The dust blew around Veva’s bare feet as she walked closer to the basement. Scrape, scrape, scrape. The scraping sound was getting a little louder and it was definitely coming from inside one of the cells. Maybe she should just go use the outhouse and get ready for school, she thought to herself. Even if someone was scraping something down there, there was nothing she could do about it. She would have to ignore them if they tried to talk to her. She would just go quickly to see what was making that scraping noise. 

Veva took hold of the basement door and slid the board out from the locking hole Grandpa had nailed to hold the bar in place. Scrape, scrape, scrape. The scraping continued and she didn’t think the person in the cell had heard her coming. Sometimes when they heard her they would start screaming and yelling. Grandpa had been sure to put the basement on the side of the house that blocked any wind, so their screams couldn’t be carried on the wind to other farms. Scrape, scrape, scrape.

When Veva swung the door open the morning light flooded down the steps toward the cells. She could see the bars and the dirt walkway between them and, what was that? Veva took a few hesitant steps down into the basement, conscious of moving farther from the open door toward the cells. She saw the shape but couldn’t figure out what it was but it was in the walkway and it looked like it was moving. Suddenly, Veva knew what she was looking at. It was a foot, a foot no longer attached to a leg. Bile rose in Veva’s throat at the realization. She thought she would throw up but still, she moved down the few remaining steps until she could see inside the cell that the foot seemed to have come from. Slowly, she leaned forward to peer into the cell and that is when she saw what the scraping was coming from.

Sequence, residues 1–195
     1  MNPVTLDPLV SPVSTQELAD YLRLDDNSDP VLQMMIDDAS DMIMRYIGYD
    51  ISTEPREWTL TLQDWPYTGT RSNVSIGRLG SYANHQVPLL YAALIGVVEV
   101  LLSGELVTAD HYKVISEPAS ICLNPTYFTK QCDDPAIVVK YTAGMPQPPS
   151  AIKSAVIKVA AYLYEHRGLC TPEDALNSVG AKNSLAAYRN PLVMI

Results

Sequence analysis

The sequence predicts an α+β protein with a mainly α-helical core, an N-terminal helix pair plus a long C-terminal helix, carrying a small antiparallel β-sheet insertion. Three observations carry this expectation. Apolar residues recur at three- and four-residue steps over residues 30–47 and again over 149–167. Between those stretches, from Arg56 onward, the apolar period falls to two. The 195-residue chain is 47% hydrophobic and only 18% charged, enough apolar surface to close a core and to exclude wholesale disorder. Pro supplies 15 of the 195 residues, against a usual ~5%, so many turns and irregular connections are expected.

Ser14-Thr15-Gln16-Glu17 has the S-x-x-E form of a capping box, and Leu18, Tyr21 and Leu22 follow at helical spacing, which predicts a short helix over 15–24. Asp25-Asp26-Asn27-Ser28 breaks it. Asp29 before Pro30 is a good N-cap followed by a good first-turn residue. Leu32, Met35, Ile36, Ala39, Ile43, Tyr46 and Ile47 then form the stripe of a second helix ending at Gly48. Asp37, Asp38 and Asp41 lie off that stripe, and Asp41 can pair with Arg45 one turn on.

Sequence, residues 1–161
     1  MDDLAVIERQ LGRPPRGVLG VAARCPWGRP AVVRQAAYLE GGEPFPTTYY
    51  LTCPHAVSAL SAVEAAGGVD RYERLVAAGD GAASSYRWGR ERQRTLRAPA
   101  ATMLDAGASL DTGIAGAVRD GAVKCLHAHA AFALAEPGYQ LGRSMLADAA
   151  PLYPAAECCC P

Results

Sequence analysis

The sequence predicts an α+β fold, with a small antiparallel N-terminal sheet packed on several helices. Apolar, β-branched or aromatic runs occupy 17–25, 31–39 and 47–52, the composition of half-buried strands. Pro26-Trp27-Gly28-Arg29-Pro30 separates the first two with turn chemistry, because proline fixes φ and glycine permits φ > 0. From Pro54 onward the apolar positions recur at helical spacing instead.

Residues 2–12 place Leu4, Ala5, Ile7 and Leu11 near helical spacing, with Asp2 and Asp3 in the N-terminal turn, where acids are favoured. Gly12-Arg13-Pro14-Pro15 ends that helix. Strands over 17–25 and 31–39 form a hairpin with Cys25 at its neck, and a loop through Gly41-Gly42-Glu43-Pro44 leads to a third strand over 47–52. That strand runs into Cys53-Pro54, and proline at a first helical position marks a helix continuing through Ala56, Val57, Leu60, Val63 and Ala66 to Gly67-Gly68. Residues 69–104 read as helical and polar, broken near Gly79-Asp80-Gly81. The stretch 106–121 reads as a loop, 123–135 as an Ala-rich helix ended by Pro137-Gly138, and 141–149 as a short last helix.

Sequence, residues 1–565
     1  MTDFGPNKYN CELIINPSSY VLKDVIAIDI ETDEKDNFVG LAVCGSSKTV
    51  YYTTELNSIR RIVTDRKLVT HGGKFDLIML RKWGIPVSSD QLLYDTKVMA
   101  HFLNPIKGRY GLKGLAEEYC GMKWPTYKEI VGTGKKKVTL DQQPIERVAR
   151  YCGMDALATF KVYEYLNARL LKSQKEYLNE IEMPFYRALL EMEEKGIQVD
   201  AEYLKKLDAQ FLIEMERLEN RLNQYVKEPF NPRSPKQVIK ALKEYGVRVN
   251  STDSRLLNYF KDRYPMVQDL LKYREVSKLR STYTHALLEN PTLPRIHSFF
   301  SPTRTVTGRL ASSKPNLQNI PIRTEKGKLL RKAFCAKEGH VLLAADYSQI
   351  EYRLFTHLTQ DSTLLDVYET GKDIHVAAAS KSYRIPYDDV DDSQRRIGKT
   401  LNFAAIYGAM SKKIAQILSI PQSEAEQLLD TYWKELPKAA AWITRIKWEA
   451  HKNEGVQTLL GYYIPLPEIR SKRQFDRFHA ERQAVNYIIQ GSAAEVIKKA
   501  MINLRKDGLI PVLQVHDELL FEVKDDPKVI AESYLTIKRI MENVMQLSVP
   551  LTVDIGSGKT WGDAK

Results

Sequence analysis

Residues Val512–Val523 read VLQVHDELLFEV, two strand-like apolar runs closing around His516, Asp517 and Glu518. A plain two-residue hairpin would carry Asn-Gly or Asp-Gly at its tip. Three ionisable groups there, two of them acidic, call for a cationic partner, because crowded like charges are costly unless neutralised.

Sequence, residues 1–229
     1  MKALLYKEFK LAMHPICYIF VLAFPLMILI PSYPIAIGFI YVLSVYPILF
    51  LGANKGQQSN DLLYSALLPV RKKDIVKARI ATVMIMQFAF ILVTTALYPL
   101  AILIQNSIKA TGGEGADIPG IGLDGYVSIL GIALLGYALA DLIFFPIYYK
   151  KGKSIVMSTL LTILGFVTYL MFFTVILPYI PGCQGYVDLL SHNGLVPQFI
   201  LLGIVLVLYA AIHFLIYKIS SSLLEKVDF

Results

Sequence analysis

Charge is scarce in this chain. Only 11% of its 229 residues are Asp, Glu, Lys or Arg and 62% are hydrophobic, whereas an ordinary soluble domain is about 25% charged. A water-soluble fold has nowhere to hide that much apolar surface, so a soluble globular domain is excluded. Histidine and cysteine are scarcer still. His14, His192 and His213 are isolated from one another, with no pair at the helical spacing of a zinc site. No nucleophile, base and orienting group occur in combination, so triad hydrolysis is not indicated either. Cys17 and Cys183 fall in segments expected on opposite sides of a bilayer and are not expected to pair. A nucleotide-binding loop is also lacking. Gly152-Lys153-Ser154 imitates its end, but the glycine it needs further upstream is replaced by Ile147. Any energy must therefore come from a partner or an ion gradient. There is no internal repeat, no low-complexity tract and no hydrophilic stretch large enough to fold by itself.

Veva shuttered when she saw the person in the cell. They were laying on their back with their shirt open. There was a hole in the person's belly, blood and intestines spilling out of the hole. Their eyes were open but no noise could be made anymore, they were dead. The foot had been taken off with a tool that looked like a sharp, thick stick. The rat had the stick in its mouth and was rubbing it back and forth across the ankle bone. The stick scraping on the metal bar of the cell made an awful scraping sound. Scrape, scrape, scrape.

Veva gagged and held her hand over her mouth to stop herself from throwing up. She had never seen a rat saw off a limb before and couldn’t bear to see the man’s face anymore. She turned to run back up the stairs but stopped in her tracks. Her grandpa held the door open for her, the family’s soup caldron in his other hand. Grandpa grinned his gappy-toothed grin. Then the realization hit her, Grandpa had come for their breakfast. Now it made sense. Now Veva knew why the basement was never full. 

June 27, 2023 01:52